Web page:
Melbourne Twin Peaks House
Meet the exquisite Twin Peaks house in Melbourne, Australia, which became a perfect urban retreat for a family with three children. Let’s take a closer look at this marvelous construction!
Incredible Melbourne House Makeover
Who killed Laura Palmer? Does that strike as something familiar? Well, that is not the Twin Peaks we are talking about – the popular tv series during the 90, it is a new residence in Melbourne remake that bears the same name! The Twin Peaks residence, made possible by Jackson Clements Burrows, is located in the heritage area of Melbourne, Australia was recently under serious makeover and several new rooms have been added. The preexisting Edwardian times house needed reconstruction which resulted in the ultimate remake of the house, but with preserved individuality of the construction.
So, the alterations that took place in the new layout of the house were the three additional bedrooms and an activity space, with a large kitchen area, all located in the first flour. While the existing construction included new master ensuite, study and the maintenance of the original grand dining room and lounge areas. So, the idea of combining the two distinct eras included the coming together of two different colors for the same materials: black and red bricks. The black bricks stand for the new part and the red brick for the existing residence.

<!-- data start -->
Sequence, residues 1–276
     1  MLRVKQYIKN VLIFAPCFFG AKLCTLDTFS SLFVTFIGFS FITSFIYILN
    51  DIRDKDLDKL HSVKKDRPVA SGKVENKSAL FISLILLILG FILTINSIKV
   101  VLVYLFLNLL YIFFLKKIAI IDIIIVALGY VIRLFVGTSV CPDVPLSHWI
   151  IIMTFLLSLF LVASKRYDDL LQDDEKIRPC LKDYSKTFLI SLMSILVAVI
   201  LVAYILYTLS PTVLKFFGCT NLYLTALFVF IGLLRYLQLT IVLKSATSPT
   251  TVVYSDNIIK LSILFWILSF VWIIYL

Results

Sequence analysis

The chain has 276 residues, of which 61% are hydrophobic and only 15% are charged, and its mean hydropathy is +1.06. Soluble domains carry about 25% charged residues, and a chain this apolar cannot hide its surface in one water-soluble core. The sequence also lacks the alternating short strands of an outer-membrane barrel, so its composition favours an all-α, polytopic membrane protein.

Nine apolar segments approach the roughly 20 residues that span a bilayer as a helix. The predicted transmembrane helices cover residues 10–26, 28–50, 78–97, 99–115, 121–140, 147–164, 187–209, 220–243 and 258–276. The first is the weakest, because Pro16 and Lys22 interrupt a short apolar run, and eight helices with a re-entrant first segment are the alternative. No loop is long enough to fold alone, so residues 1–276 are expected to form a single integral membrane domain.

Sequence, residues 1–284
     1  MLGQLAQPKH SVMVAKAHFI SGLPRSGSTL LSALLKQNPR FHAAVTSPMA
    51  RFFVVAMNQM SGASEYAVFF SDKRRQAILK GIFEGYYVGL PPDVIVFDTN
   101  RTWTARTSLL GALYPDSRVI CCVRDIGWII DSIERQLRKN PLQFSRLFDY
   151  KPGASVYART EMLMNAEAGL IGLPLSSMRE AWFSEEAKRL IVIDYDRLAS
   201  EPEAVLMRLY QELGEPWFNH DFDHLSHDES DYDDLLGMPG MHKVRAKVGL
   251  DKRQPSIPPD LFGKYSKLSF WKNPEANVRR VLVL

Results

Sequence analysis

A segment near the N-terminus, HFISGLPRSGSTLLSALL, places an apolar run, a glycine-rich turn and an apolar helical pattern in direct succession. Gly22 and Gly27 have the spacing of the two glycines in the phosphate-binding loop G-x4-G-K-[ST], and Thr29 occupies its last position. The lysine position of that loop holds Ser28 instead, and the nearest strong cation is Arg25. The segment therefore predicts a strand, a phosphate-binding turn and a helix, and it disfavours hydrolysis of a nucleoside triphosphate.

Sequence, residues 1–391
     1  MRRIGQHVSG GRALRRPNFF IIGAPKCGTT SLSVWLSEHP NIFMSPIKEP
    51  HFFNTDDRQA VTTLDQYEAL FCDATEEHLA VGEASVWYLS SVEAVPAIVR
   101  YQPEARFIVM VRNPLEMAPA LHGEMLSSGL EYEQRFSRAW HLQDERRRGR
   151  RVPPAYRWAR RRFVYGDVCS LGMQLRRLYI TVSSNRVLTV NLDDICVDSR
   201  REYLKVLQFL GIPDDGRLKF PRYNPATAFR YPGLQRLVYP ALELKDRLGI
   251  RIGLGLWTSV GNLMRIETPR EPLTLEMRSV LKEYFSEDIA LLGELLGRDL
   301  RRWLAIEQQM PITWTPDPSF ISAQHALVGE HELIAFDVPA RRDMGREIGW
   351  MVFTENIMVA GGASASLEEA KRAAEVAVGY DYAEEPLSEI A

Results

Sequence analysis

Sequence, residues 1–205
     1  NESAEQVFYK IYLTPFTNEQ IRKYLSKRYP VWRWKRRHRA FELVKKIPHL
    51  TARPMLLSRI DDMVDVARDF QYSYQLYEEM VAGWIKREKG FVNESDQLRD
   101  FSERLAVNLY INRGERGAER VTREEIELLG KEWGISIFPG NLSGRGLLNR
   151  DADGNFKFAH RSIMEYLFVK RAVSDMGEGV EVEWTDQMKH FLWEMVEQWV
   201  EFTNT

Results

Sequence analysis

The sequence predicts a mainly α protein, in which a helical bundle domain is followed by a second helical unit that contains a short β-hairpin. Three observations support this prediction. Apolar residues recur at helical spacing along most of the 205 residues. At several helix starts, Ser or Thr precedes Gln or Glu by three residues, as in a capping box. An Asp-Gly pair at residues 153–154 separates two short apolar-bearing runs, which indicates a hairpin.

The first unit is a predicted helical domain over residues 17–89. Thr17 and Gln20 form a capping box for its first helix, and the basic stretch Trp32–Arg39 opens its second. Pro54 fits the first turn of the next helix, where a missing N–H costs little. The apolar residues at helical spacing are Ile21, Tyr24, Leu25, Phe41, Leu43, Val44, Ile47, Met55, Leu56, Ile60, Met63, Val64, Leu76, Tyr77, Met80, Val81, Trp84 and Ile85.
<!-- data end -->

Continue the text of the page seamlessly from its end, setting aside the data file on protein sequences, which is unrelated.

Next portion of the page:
Did you notice the black clad timber, which covers the house? Well, this constitutes the third part of the house, which is installed at the preexisting slate tiled roof. If you are wondering on the name of the residence, “The Twin Peaks” it is a reference to the twin peaked roof, which was a requirement from the Heritage council. Here is some more information from the designers:
“While compatible in terms of proportion and alignment the reductive abstraction of the new exterior and interior, suggests a new relationship to both the immediate garden and the greater surrounding context. Internally the new addition uses white painted timber lining boards and exposed internal black work to define a new family living space. The use of materials normally associated with the exterior of a Heritage house suggests an inversion of our normal reading of an interior that is both surprising and yet reassuring in terms of its familiarity”.